In response to: Paley J., Cheyne H., Dalgleish L., Duncan E. & Niven C. (2007) Nursing’s ways of knowing and the dual process theories of cognition. Journal of Advanced Nursing60(6), 692–701.
Article first published online: 3 APR 2008
© 2008 The Author
Journal of Advanced Nursing
Volume 62, Issue 2, pages 268–269, April 2008
How to Cite
Rolfe, G. (2008), In response to: Paley J., Cheyne H., Dalgleish L., Duncan E. & Niven C. (2007) Nursing’s ways of knowing and the dual process theories of cognition. Journal of Advanced Nursing60(6), 692–701. Journal of Advanced Nursing, 62: 268–269. doi: 10.1111/j.1365-2648.2008.04664.x
- Issue published online: 3 APR 2008
- Article first published online: 3 APR 2008
Evidence for and evidence against
In a recent paper in this journal, Paley et al. (2007) attempted to refute a point made by Dawn Freshwater and myself in our book Deconstructing Evidence-Based Practice that EBP ‘appeals to an absence of evidence’ (Freshwater & Rolfe 2004, p. 38). Paley and colleagues claimed that:
Freshwater and Rolfe, however, translate evidence against the null hypothesis into lack of evidence for it; and it is this translation which is offered in support of their claim that, at the centre of EBP, there is no evidence at all. This is a startling non-sequitur. (Paley et al. 2007, p. 697, their emphasis)
This would indeed have been a startling non-sequitur if that is what we had said. In fact, we said the reverse:
The evidence for a particular practice is actually a lack of evidence against it. When the postpositivists claim to have proved that a particular practice is effective, they have, in truth, merely failed to prove that it is ineffective. (Freshwater & Rolfe 2004, p. 38)
Unsurprisingly, given his misrepresentation of our argument, Paley rather misses the point that we were trying to make, which I will restate here.
Evidence-based practice is usually represented as practice based on ‘best evidence’ that something is the case, for example that a particular treatment is the best available, or that a particular drug is the safest. However, it has been recognized at least since the time of Galileo that it is impossible to make any generalization of this kind by induction, since the next observation might offer contrary evidence. For example, we can never prove by induction that a particular drug is safe for all (or even most) people, since however many observations we make of its safe administration, it will only take one future case of adverse side effects to show that it is, in fact, harmful. The unfortunate example of Thalidomide illustrates this point very well: no side effects were observed until the pregnant users of this anti-emetic gave birth to disabled babies, at which point the formerly ‘safe’ drug was rapidly reassessed.
Karl Popper (1992) attempted to counter this so-called ‘problem of induction’ by suggesting that scientists do not, in fact, reason in this way, and offered in place of induction the method of ‘hypothetico-deductivism’. Since general theories can never be proven, the project of science should be to attempt to disprove them: the longer that a theory resists being disproved, the more robust it is considered to be. However, as I stated above, it is never possible to say with certainty that a theory is finally proven, since it is always open to being disproved at the next attempt. This is, of course, very different from the claim made by Paley that we were advocating a search for evidence against the null hypothesis. On the contrary, our point is that (according to Popper) science proceeds by attempting to find evidence for the null hypothesis, and that it is the failure to come up with such evidence that constitutes the absence or lack which we claim is at the heart of evidence-based practice.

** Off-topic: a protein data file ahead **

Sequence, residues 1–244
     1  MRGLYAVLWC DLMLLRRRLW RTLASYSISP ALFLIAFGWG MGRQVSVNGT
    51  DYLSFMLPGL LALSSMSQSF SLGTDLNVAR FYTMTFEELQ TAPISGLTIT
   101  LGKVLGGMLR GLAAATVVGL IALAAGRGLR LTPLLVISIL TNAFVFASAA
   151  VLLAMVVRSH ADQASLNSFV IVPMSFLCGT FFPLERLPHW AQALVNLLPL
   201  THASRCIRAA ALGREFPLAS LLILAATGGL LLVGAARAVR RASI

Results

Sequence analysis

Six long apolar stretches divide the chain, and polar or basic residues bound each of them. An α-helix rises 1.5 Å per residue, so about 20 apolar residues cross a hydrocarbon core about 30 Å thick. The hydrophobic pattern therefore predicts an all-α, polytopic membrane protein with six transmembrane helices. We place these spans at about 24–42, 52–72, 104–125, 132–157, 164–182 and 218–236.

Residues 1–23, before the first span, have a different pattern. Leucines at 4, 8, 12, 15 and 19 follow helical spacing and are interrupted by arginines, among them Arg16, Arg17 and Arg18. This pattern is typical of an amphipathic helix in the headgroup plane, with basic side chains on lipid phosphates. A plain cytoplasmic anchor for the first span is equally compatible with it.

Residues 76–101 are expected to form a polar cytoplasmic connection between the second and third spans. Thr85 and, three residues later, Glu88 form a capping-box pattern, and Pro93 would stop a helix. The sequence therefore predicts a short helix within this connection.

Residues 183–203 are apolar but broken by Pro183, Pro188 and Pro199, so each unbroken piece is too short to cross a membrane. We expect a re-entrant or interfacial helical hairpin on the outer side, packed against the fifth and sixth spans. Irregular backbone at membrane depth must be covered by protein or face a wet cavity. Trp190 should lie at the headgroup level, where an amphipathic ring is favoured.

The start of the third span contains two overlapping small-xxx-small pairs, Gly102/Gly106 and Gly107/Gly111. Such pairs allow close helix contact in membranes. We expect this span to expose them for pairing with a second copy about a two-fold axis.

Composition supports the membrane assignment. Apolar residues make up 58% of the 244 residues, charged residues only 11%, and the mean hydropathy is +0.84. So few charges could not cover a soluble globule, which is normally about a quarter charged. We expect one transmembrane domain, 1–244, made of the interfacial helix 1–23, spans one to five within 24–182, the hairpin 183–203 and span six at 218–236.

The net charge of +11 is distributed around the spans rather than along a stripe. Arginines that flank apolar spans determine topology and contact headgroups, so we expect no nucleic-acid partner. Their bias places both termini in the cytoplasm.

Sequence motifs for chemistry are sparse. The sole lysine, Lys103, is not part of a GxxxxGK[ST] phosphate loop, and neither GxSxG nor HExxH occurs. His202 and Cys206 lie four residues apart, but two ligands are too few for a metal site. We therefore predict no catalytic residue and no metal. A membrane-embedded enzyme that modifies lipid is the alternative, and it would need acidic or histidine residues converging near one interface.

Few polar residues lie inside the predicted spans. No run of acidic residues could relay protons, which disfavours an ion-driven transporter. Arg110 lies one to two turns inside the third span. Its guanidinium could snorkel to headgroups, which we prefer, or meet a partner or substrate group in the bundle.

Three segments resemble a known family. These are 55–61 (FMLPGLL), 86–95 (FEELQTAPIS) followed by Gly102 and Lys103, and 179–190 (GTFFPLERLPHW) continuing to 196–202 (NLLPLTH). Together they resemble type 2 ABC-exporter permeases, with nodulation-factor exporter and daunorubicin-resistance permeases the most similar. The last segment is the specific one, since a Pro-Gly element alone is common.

Let us return to the above example of testing a drug for safety. For Popper, the scientific aim in testing for harmful side effects is not to show that the drug is generally safe (which, as we have seen, is impossible), but to attempt (and hopefully fail) to show that it is harmful. The drug should therefore be subjected to tests, which do their utmost to elicit harmful side effects under as many conditions as possible. The longer that the drug fails to deliver any side effects, the more confidence we can have in its overall safety. It was in this context that we stated in our book that any claim to have produced evidence for the safety of the drug is actually based on a lack of evidence that it is harmful. Similarly, the logic of hypothetico-deductivism suggests that rather than test a treatment for its effectiveness, we should subject it to our best attempts at showing that it is ineffective. For Popper, the treatment that most successfully survives our tests to discredit it (in what he likened to a Darwinian ‘survival of the fittest’) is the one that we should adopt.
It is in this sense, then, that we claimed in our book that evidence-based practice appeals to an absence of evidence, and (perhaps controversially) that if research is conducted according to the logic of Popper’s method of hypothetico-deductivism, then evidence-based treatments are actually predicated on the failure to find evidence that confirms the null hypothesis that those treatments are ineffective. This was, however, only one of many arguments presented in our book against the logic of evidence-based practice, and arguably not the most compelling. Clearly, Paley and colleagues disagree with this position, but I am disappointed that they should attempt to discredit our argument by falsely representing it.
- 2004) Deconstructing Evidence-Based Practice, Routledge, London. & (
- 2007) Nursing’s ways of knowing and the dual process theories of cognition. Journal of Advanced Nursing 60(6), 692–701. , , , & (
- 1992) The Logic of Scientific Discovery, Routledge, London. (